Between Petri dishes, computers, and fieldwork

November 30, 2022

Created by Viola Brand

"I actually never wanted to do anything with plants," admits Martina Kolb with a laugh. She is looking at a small piece of soil demarcated with a cord, where dozens of tiny green stems are sprouting from the dirt. With her phone, she is taking photos to document the little plants. Just as she is about to press the camera button, the phone rings: a scientist calls to tell Martina that the centrifuge in the lab has broken down.

Scenes like these are typical in Martina’s everyday life as a biology laboratory technician. Since fall 2021, she has been managing the lab of Detlef Weigel's Department of Molecular Biology. "In the morning, I first check my e-mails, and then usually a researcher already knocks on the door asking me for support," Martina describes her average workday. She adds: "As the lab manager, I am a contact person for all kind of work and all problems that arise in the lab – for example, if an instrument fails, or if an experiment doesn't work out."
In addition, Martina coordinates the team of technical assistants and janitors, organizes parties, and handles the occupancy of the greenhouse. Martina reports: "If I schedule half the day with fixed activities, the rest of the day automatically fills up with unpredicted work. As a result, no day is like the other, and that’s very exciting for me." Of course, Martina also attends lab meetings, which allows her to support the research teams with her 15 years of lab experience and extensive knowledge of analytical methods.

Martina Kolb has been a part of the Max Planck Institute of Biology in Tübingen since 2009. Until 2021, she worked for the meanwhile retired Scientific Director Gerd Jürgens, who was investigating the developmental biology of plants.


Before that, she never would have guessed she would do anything related to plants: she had always disliked that during her training, working with plants implied that she had to draw structures visualized by the microscope. "But the way I work with plants at the Max Planck Institute is fascinating, and I really enjoy coming here every day," Martina explains her change of mind. The crowning achievement of her time in Jürgens' team was a study of a novel sensor that can visualize the distribution of a growth regulator in cells. Most of the practical laboratory work on this was carried out by Martina, so naturally she was extremely proud that the study was published in the renowned journal Nature.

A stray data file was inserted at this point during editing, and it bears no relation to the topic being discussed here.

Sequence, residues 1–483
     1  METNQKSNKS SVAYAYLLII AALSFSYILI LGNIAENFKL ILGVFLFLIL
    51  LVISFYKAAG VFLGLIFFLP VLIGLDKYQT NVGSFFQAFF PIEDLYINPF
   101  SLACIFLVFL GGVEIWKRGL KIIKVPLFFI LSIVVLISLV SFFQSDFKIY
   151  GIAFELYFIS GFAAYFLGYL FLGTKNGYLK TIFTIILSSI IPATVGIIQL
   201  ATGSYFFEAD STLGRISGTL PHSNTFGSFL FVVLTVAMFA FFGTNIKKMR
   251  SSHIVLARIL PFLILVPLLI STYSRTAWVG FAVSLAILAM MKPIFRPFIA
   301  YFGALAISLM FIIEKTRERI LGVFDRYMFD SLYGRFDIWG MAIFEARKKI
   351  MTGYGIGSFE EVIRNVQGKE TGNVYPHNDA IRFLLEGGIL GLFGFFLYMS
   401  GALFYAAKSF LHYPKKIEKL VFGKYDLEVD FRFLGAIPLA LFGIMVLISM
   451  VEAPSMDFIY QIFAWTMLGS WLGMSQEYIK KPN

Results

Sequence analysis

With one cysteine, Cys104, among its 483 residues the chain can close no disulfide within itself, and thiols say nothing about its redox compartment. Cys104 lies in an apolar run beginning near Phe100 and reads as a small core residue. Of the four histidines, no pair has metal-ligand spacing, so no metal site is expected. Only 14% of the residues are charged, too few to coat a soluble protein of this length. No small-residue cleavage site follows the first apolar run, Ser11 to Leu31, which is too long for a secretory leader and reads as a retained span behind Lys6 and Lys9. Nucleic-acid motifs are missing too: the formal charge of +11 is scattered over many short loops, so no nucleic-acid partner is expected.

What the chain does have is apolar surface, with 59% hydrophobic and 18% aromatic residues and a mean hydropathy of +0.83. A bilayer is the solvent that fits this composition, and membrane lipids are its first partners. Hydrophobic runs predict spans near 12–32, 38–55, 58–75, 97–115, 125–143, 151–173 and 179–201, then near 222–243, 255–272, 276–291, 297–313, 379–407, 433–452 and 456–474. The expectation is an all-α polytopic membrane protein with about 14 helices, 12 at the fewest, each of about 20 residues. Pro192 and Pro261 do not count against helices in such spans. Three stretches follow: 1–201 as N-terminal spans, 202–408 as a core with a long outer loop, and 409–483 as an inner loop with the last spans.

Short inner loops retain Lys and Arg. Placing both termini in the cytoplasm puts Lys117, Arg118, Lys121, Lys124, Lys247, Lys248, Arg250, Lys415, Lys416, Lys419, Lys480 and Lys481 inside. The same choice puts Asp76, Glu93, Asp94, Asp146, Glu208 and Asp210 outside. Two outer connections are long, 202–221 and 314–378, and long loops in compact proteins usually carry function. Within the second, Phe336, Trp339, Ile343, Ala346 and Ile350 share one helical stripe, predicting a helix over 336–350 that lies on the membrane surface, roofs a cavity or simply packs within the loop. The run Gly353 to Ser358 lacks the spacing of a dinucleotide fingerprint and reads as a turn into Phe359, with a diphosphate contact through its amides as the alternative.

In addition to her coordinating activities in Weigel's department, Martina is currently involved in a multi-year project to study the genetic makeup and microbiome of plants occurring in nature. In the process, she and an international team are collecting countless specimens of a small green plant called Arabidopsis thaliana at 60 locations in Germany, France, and the USA. Arabidopsis thaliana is a weed that grows worldwide and serves as a model organism for various scientific questions. "I really like this fieldwork because it's something tangible – you get out of the lab and work in beautiful landscapes. In France, for example, we spent a few days collecting the plants with a view at the Pyrenees," recounts Martina happily.


Martina and her colleagues have to conduct the fieldwork very carefully and accurately. Each year, they need to find again the same 0,25 m2 of soil on which they collected and classified the plants the year before. To do so, they need to measure the exact distance to fixed points such as posts or guard rails. Martina documents the plants for the project, washes them with different solutions, and flash-freezes the samples, so that they can be analyzed in the laboratory a few months later. 

It is not surprising that in her free time, Martina is just as outdoorsy and active as in her job. She likes running and swimming, and needless to say that she cycles to the institute every morning. "When I go for a walk, I can't go anywhere without keeping my eyes open for Arabidopsis thaliana. That's like a little treasure hunt for me," Martina explains with a smile her love for the plant that is merely a weed to most people.
For the future, Martina hopes that after the corona pandemic, there will be more social interaction between the different groups at the institute. "For me, the institute is like a big family," she says. "I've made many friends, and it's fantastic to witness the scientists' progress in their projects."

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